President Donald Trump began his landmark first address to a joint session of US Congress on Tuesday condemning unequivocally the killing of Indian engineer Srinivas Kuchibhotla in Kansas last week as well as all such hate-attacks recently, including those on Jewish community centers, synagogues, and cemeteries.
“Recent threats targeting Jewish Community Centers and vandalism of Jewish cemeteries, as well as last week’s shooting in Kansas City, remind us that while we may be a Nation divided on policies, we are a country that stands united in condemning hate and evil in all its forms,” the president said.
The White House had seemed slow to respond to the Kansas shooting at first, but came hard and strong at the issue in the last two days with a spokeswoman calling it a “racially motivated attack” earlier Tuesday.
Trump himself followed up with an unequivocal condemnation, at the start of his maiden speech to Congress, an event followed closely the world over.
With the condemnation of the Kansas shooting and Jewish center attacks, Trump set the tone for what turned out to be his most positive speech yet, light years away from the “American carnage” of his inauguration address and the dark vision laid in his speech accepting the Republican party nomination in 2016. The tone was positive, and the pitch was conciliatory.
In an address greeted by applause, mostly partisan applause from Republicans as most Democrats kept sitting, Trump spoke of a “new chapter of American Greatness” a “new national pride” and a “a new surge of optimism”, all packaged under an overarching message of “Renewal of the American Spirit”, a theme that had been teased by the White House in previews of the President’s first address to congress.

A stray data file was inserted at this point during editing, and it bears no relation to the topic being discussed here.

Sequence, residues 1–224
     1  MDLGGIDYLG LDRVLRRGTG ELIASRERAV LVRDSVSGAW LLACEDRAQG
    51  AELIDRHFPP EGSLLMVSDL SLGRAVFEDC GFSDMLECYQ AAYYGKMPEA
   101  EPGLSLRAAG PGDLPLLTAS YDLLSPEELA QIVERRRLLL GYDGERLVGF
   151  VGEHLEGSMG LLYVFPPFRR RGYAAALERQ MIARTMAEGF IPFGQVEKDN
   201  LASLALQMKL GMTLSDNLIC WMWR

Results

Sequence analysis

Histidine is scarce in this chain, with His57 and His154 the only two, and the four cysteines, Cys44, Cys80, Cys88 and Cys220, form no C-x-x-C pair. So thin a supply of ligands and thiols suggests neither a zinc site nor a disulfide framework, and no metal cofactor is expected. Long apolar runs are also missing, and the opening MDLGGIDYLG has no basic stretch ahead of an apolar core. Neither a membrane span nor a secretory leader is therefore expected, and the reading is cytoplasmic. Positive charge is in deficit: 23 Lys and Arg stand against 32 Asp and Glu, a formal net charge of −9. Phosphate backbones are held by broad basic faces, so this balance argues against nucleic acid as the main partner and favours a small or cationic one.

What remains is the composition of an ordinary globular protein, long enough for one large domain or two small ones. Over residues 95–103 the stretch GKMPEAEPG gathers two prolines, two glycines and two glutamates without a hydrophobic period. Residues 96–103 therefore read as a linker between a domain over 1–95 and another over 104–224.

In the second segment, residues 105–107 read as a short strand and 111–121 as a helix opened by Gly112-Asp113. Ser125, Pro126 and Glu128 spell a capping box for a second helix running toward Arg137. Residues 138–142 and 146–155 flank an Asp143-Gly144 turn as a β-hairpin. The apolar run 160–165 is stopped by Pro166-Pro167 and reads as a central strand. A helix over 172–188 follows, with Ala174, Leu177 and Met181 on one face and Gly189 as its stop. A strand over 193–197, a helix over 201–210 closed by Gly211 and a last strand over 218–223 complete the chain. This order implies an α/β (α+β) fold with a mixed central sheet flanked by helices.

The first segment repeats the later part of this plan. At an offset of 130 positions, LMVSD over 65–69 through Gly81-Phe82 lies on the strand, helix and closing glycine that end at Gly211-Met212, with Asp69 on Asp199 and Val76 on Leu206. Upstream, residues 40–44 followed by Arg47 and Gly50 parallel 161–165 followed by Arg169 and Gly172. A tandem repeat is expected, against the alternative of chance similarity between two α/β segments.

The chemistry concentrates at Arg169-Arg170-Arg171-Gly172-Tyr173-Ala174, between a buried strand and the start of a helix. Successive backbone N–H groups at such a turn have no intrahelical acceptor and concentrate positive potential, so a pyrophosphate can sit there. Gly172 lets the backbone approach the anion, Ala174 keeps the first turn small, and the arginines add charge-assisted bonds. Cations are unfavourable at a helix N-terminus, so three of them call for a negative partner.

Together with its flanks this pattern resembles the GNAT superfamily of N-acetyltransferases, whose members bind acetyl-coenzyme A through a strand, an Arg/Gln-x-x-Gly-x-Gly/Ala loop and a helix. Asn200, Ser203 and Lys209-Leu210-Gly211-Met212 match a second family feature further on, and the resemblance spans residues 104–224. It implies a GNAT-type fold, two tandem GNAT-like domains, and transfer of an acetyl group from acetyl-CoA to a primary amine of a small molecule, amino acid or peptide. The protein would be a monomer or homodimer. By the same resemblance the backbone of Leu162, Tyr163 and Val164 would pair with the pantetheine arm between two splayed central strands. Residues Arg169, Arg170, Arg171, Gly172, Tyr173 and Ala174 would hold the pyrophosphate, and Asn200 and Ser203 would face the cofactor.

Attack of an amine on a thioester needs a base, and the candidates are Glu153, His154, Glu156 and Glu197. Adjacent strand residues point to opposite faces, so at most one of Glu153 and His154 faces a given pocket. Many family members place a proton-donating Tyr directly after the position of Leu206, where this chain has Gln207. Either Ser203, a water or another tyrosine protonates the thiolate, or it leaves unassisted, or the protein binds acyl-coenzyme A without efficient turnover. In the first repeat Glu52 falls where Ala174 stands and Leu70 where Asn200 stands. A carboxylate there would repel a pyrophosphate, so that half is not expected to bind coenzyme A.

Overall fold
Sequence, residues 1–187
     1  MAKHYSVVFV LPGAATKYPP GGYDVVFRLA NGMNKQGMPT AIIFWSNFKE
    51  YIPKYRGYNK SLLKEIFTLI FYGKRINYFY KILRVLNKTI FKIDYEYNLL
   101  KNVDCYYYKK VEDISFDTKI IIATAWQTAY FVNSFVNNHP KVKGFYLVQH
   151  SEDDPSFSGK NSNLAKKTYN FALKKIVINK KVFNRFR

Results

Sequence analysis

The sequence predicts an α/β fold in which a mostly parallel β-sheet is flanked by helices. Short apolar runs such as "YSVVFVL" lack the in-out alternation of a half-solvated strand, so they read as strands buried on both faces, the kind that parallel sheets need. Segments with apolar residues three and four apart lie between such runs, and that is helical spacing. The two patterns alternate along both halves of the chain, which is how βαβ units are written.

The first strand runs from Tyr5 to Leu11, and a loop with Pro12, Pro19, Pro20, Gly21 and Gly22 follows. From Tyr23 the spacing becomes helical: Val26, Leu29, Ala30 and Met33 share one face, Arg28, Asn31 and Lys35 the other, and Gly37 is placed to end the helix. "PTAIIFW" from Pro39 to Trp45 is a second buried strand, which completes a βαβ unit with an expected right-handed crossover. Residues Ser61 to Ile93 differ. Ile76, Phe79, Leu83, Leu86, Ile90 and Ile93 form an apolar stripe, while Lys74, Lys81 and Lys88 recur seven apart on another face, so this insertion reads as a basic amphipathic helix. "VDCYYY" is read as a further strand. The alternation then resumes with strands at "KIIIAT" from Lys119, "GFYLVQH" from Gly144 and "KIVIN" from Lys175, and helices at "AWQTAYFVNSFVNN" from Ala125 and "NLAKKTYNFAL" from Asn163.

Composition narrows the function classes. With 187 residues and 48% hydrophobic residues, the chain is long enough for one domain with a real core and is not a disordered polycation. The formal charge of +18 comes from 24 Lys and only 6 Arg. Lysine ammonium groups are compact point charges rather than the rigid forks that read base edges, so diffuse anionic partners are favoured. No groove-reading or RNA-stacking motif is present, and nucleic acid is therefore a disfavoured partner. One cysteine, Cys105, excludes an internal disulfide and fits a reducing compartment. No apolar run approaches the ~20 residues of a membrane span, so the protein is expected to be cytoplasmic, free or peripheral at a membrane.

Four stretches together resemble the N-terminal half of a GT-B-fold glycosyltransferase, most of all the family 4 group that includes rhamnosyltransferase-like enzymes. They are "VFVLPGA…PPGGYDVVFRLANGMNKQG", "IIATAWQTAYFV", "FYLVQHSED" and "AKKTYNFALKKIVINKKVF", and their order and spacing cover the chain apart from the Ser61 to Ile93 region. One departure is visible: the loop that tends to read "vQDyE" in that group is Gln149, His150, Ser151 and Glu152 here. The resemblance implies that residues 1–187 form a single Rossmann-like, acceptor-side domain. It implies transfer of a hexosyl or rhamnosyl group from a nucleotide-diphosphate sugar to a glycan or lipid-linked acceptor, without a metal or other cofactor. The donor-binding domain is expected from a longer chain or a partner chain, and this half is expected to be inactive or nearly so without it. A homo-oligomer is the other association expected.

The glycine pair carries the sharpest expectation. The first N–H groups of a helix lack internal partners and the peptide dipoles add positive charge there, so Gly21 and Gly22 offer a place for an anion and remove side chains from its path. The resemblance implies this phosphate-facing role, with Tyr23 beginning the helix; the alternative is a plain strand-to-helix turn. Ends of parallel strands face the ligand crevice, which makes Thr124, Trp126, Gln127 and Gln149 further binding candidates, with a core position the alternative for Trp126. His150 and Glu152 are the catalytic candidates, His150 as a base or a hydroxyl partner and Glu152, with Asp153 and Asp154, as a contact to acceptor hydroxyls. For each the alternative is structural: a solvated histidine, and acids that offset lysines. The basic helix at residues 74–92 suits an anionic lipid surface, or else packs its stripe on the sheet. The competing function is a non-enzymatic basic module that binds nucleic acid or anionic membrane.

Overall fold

The highpoint of the address came when he spoke of a US Navy SEAL commando who died in a counter terrorism operation in Yemen, which was the first such strike ordered by him. The commando’s widow, who sat with the President’s family in the visitors’ gallery and who looked emotionally distraught, received applause for a long time. The timing and the efficacy of the operation has come under scrutiny and the President has himself blamed the generals for it.
There were few new policy positions, as he hewed close to pronouncements from the campaign trail, the inauguration speech and myriad others from any and every public platform, with the usual boasts, failed fact-checks and contradictions. The difference was the tone, the way he packaged them, without rancor, without dark forbidding warnings and threats of impending doom.
Response to his speech ranged from “Presidential” from some leading Republican Never Trumpers, to “memorably normal” from skeptical commentators. Chris Cillizza, who writes The Fix blog for The Washington Post, wrote, “This was the best ‘big’ speech he has given as president. It may well have been the best speech Trump has given since he entered politics way back in June 2015.”
Trump did not back away from the controversial extreme vetting he plans for visa-holders from certain areas of the world, he used the phrase “Radical Islam Terrorism” against the reported advice of his warrior-intellectual NSA H R McMaster, and doubled down on his wall along the border with Mexico and the promise to crack down on illegal immigration.
On foreign policy the President struck a familiar, but conciliatory, note. “Our foreign policy calls for a direct, robust and meaningful engagement with the world,” he said.
“It is American leadership based on vital security interests that we share with our allies across the globe.” The United States will continue to support NATO strongly by “our partners must meet their financial obligations”.
Trump also laid down a marker for all allies and partners “to take a direct and meaningful role in both strategic and military operations, and pay their fair share of the cost”. Was there a message for India, which, remember is neither an ally or a partner but only a “major defence partner” for defense trade?